Tuesday, January 13, 2004

Antitrust News: Verizon and the Magna Carta

Today the Supreme Court issued its first antitrust decision of the Term, Verizon Communications, Inc. v. Law Offices of Curtis V. Trinko, LLP. In a victory for opponents of antitrust expansion (that includes CAC), the Court unanimously reversed the Second Circuit’s opinion that allowed a class action antitrust case against Verizon to proceed. The case, initiated by a New York antitrust law firm, claimed that Verizon violated the antitrust laws by providing bad phone service.

Verizon operated New York State’s portion of the old Bell telephone monopoly. In 1996, Congress passed the Telecommunications Act, which required local telephone monopolies to give competitors access to their networks. The plaintiffs here were customers of AT&T, a Verizon rival. They claimed Verizon failed to meet its obligations under the 1996 Act to give AT&T timely access. As a result, the plaintiffs said they were the victim of Verizon’s deliberate efforts to maintain their local telephone monopoly.

The Court rejected this argument, reaffirming the traditional antitrust principle that merely refusing to deal with a competitor--in this case, Verizon’s alleged refusal to give AT&T access--does not itself violate the Sherman Act. Justice Scalia, writing for the court, said Verizon’s “prior conduct sheds no light upon the motivation of its refusal to deal upon whether its regulatory lapses were prompted not by competitive zeal but by anticompetitive malice”.

Scalia also noted that the 1996 Act imposed numerous regulatory burdens upon Verizon and other telephone companies, and that enforcement of those obligations would likely be undermined if the antitrust laws were thrown into the mix. Still, Scalia insisted on repeating the late Thurgood Marshall’s adage that the Sherman Act is the “Magna Carta of free enterprise”. Justice Marshall’s quote in its entirety, taken from U.S. v. Topco Associates, is notable for its deluded view of capitalism:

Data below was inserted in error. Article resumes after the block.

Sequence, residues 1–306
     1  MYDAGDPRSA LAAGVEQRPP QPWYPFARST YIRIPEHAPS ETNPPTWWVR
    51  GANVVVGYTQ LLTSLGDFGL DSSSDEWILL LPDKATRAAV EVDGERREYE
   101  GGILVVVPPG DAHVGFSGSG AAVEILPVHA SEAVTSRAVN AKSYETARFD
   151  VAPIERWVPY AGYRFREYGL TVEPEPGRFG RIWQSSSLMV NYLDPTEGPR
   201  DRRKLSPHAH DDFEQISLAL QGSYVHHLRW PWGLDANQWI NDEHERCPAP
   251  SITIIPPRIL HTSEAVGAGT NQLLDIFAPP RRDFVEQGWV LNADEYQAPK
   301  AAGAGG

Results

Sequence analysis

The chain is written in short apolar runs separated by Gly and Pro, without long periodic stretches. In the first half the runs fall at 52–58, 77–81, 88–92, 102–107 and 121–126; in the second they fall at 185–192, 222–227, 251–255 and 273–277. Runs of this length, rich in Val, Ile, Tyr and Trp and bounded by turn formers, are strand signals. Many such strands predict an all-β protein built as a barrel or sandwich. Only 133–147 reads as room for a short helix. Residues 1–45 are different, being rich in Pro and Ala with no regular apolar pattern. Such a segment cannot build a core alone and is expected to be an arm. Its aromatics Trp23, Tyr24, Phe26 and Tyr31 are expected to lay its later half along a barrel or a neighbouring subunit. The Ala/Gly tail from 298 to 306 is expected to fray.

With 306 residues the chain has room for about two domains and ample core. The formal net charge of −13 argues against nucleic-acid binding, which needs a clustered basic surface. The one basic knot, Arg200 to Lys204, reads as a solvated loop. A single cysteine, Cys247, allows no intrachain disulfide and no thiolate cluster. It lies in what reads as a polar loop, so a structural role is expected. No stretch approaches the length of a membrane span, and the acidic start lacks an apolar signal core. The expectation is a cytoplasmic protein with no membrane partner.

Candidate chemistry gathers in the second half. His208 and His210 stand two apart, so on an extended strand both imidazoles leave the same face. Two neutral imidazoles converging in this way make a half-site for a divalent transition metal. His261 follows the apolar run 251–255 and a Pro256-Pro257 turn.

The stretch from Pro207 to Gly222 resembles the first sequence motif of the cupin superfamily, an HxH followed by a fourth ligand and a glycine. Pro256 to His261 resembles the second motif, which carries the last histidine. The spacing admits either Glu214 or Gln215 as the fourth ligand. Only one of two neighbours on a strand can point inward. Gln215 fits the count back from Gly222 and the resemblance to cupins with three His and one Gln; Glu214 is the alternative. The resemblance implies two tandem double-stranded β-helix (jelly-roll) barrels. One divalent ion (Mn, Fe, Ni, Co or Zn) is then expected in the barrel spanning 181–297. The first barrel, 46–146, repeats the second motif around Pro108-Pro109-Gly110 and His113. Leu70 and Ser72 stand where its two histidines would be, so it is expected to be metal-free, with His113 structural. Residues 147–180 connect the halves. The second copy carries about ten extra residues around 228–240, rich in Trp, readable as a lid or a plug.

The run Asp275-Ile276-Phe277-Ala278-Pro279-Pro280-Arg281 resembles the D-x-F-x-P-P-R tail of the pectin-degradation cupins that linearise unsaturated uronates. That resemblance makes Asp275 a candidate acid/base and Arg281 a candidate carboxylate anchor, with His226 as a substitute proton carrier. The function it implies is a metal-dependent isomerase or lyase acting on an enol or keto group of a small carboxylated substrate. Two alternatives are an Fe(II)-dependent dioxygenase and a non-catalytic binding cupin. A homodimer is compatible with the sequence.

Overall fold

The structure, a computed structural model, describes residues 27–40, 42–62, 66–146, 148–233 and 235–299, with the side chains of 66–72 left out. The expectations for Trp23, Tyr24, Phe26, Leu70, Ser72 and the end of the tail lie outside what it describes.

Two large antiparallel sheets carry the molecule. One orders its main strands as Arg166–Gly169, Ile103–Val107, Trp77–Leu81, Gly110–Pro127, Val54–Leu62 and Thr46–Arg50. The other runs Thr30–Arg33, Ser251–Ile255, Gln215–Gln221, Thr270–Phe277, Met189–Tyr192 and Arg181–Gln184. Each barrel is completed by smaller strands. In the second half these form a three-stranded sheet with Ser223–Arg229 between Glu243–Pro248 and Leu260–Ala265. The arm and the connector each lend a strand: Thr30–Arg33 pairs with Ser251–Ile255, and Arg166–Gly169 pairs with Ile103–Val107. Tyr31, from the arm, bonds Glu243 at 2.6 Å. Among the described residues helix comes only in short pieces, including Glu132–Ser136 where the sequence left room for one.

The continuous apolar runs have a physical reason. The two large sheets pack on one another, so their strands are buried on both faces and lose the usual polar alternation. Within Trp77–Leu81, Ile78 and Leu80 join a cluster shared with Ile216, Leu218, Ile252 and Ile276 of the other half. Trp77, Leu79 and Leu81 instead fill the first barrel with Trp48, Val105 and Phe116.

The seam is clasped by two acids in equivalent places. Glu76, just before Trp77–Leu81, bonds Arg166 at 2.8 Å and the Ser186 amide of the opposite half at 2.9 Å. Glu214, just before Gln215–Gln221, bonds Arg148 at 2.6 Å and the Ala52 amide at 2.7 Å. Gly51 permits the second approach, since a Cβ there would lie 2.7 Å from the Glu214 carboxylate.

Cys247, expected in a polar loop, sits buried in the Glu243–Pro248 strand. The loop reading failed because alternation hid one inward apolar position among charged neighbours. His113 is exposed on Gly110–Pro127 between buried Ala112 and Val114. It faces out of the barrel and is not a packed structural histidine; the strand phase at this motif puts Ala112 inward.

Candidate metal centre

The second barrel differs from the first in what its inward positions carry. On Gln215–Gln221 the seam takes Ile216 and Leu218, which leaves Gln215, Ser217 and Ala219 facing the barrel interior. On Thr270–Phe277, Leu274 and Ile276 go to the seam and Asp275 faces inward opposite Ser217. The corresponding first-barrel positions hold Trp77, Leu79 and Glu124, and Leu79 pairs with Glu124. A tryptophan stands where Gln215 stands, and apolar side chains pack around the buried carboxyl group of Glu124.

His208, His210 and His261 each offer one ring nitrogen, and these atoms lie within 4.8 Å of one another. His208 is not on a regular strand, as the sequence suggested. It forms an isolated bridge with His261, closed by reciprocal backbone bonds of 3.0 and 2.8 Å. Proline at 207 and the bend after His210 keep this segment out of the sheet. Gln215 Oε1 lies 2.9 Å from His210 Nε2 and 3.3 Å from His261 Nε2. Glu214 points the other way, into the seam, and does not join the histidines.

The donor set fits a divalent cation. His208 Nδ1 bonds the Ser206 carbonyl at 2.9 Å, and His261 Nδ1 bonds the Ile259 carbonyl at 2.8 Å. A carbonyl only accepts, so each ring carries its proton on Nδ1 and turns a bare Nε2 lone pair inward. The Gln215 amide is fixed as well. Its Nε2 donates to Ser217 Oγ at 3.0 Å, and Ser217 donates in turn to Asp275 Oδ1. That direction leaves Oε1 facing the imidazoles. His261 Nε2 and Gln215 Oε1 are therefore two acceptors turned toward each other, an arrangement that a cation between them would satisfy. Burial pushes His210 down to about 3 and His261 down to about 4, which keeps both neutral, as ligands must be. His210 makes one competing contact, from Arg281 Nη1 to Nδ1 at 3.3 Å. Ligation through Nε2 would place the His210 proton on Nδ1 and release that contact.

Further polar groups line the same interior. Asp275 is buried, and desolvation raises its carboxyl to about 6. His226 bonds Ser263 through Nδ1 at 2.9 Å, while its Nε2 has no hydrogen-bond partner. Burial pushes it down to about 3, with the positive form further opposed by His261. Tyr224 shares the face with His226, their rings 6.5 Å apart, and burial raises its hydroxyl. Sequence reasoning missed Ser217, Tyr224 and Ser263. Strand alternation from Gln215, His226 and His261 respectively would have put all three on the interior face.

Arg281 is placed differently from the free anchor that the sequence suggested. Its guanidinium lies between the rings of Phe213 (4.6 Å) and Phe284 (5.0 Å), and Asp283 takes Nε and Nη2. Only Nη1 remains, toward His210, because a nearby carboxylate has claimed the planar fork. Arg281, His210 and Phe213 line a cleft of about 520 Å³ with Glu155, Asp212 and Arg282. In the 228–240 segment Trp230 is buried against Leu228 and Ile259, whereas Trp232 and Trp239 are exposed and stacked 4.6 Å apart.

Antitrust laws in general, and the Sherman Act in particular, are the Magna Carta of free enterprise. They are as important to the preservation of economic freedom and our free-enterprise system as the Bill of Rights is to the protection of our fundamental personal freedoms. And the freedom guaranteed each and every business, no matter how small, is the freedom to compete - to assert with vigor, imagination, devotion, and ingenuity whatever economic muscle it can muster. Implicit in such freedom is the notion that it cannot be foreclosed with respect to one sector of the economy because certain private citizens or groups believe that such foreclosure might promote greater competition in a more important sector of the economy.
Unfortunately, Justice Marshall failed to recognize that when the government decides to protect the “freedom to compete,” it does so by taking away the rights of others to compete. When the government sets antitrust policy, it creates a fixed standard for conduct, any deviation from which can be condemned as a Sherman Act violation. Marshall also fails to distinguish the Bill of Rights--a limit on the powers of government--from the antitrust laws, a limit on the individual rights of man. Even the Magna Carta was a document designed to limit government power, not that of “private individuals or groups”.

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